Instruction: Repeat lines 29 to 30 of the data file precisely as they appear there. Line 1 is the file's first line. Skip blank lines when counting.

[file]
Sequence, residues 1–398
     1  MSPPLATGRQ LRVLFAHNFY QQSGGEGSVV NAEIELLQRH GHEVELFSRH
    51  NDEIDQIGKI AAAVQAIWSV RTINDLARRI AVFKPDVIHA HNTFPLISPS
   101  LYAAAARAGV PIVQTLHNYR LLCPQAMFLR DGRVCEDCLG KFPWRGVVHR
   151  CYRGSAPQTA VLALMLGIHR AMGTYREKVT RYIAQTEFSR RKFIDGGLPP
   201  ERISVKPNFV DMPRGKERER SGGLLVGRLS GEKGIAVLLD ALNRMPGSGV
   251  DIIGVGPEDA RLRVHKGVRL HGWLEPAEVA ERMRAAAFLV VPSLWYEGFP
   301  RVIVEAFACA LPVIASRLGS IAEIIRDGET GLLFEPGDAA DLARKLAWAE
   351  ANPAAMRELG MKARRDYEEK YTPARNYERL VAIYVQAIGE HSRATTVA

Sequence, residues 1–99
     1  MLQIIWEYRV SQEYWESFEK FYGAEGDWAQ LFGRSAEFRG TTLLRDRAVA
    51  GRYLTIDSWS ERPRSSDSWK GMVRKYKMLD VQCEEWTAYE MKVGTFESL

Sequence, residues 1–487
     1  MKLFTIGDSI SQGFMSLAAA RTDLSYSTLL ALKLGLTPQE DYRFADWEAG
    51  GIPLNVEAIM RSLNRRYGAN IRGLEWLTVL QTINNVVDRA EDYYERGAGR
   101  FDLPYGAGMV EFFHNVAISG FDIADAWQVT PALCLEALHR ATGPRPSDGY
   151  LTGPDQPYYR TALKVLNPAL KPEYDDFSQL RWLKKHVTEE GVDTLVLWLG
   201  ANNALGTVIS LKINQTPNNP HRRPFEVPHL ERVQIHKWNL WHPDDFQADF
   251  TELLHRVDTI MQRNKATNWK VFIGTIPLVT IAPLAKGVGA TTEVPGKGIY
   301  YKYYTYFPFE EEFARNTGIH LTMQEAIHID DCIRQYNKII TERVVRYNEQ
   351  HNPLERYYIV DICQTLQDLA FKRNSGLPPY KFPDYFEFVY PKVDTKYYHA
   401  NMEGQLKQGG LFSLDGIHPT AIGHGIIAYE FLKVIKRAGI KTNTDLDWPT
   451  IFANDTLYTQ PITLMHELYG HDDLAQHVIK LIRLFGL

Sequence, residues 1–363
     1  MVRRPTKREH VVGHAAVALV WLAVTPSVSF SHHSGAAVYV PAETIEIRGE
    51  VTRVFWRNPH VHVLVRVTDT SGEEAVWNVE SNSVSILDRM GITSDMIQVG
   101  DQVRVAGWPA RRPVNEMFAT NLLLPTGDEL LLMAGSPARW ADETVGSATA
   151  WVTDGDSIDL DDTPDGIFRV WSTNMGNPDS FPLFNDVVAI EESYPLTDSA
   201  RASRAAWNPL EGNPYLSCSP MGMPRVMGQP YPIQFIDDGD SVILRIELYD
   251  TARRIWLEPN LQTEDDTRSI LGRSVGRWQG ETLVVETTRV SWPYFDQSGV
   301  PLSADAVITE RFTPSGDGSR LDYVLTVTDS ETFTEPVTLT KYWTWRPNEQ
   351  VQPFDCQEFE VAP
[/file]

   201  RASRAAWNPL EGNPYLSCSP MGMPRVMGQP YPIQFIDDGD SVILRIELYD
   251  TARRIWLEPN LQTEDDTRSI LGRSVGRWQG ETLVVETTRV SWPYFDQSGV